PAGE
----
129 thoughts on “Fractals Friday

  1. Very good to see Shorten and Labor setting the pace with their RC into banks, leaving Turnbull floundering in the rear, trying to defend dodgy bankers.

    • The Panama stuff was a gift from the gods. It has allowed Labor to take this opportunity to push for something that is long overdue . No wuckas about any possible scare campaign or class warfare/ politics of envy accusations from the Ruperts and the Tories getting widespread public support.. I look forward to this RC and all the little Liberal party bugs scuttling as they are exposed to sunlight.

  2. YES!…notched up my first “100 views” on my blog last night…to celebrate, I’m offering free membership to the site and also a complimentary 3month membership to a new club i am going to start up :

    “The Society of Grammatically Rough Bastards”..to gain entry, one has to deliberately miss-pronounce : “Lieutenant”.

    • Thank you , Janice…and as the one and only visitor who has left a comment, I hereby grant you “Lifetime membership”..with all the rewards accompanying that esteem!

    • You were thinking of the cover version put out by the retro group “Tony and the Monkey Pods” /

  3. courtesy of Lizzie, over the road
    Posted Saturday, April 9, 2016 at 6:46 am | PERMALINK
    The Panama Papers bolster the tax narrative that Labor is using to try to flip Australia’s traditional economic debate on its head.
    Seven months into their partnership, Malcolm Turnbull and Scott Morrison are struggling to reconcile their different styles.
    An inquiry focused on the illegality of offshore wagering rather than the dire social consequences is being sat on by government.
    As stories emerge of contractors beating children on Nauru, Wilson Security’s entire operation looks increasingly broken.
    One hundred years ago there were only 20 lions left in Asia.
    One shed? Around 30,000 chickens
    Australia’s nuclear medicine industry provides a crucial service to the nation, writes Dr Geoff Currie.
    “The consequences or effects of a rule need not necessarily always be the same,” Francis wrote,

  4. lizzie
    Posted Saturday, April 9, 2016 at 9:05 am | PERMALINK
    Andrews’ willingness to step into the leadership breach set the scene for this week’s Newspoll. For the first time since Turnbull took the top job, Labor hit the front, 51–49 per cent two-party preferred. Two previous polls had it in line-ball territory. Andrews may be the quintessential Delusional Conservative, and many are inclined to dismiss him as such, but he is a senior backbencher and a former cabinet minister who is not alone in the party. If the deputy leader vote in September is any guide, he has at least 30 like-minded mates. “The last thing we need right now,” one dismayed government MP told me, “is Andrews raising the whole leadership issue again.”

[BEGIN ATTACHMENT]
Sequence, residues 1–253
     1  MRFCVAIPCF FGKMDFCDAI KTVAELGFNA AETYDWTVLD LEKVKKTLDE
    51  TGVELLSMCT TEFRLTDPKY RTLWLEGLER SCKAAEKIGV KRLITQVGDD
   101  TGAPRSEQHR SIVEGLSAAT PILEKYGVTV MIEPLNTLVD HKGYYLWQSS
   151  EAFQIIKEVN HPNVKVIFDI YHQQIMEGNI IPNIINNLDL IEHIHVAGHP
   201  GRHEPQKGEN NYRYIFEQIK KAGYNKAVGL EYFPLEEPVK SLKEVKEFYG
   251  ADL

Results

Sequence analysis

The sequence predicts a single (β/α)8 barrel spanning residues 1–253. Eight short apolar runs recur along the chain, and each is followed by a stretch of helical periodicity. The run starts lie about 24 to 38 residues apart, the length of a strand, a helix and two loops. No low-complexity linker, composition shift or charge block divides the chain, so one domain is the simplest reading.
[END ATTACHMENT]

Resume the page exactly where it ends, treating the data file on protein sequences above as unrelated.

…Abbott as the leading Delcon is languishing 17 points behind. But he is still on the radar. His resentful presence continually threatens to overshadow the man who replaced him.

    But what is slowly dawning on government MPs, particularly those in marginal seats, is that Labor’s Bill Shorten is a much more formidable opponent than they want to acknowledge. Sure, they can take heart from the fact Turnbull is still almost twice as popular as preferred prime minister, but even there the trends are all in the wrong direction. Turnbull is diving, Shorten is slowly climbing out of the cellar. It would pay them all to remember that in politics everything is relative. Six months ago Shorten was the preferred PM relative to Tony Abbott, and Labor hit 57 per cent two-party preferred.

    The realisation is sending shudders through the Coalition’s second most marginal seat-holder, the member for the Rockhampton-based seat of Capricornia, Michelle Landry. She says voters are getting tired of a “lack of direction”. She says the message is “wishy-washy” – not clear at all at this stage. It is not clear because, apart from aspirations for growth and jobs and an airy-fairy innovation statement, there is no economic or tax plan to defend.

    …Gonski here is shorthand for student needs-based funding to reach improved national benchmarks. Leaving it uncertain is more than enough for Shorten to be off and running with the potent line, “I am launching our campaign to protect schools funding from the federal government to the state schools system across Australia.” One Liberal MP fears this impression, if allowed to run, could be devastating. Some 70 per cent of the nation’s kids are educated in the state systems.

    The Prime Minister’s Office went into damage control overdrive. The idea of the Commonwealth not also funding state schools “died at COAG on the Friday”. It’s just that the PM hadn’t started to bury it for another four days. The PMO released budget figures to show Canberra is pumping record amounts into public education. It described Shorten’s attack as “a lie”. Turnbull called it “irresponsible scaremongering”, which is not a bad description of his attacks on Labor’s negative gearing proposals.

    Shorten has already pledged $37 billion over 10 years to fully fund the Gonski reforms. He will pay for it by, among other things, raising the tobacco tax. Still to be explained by Turnbull is how he will fund his promise of an extra $30 billion for defence over the same period.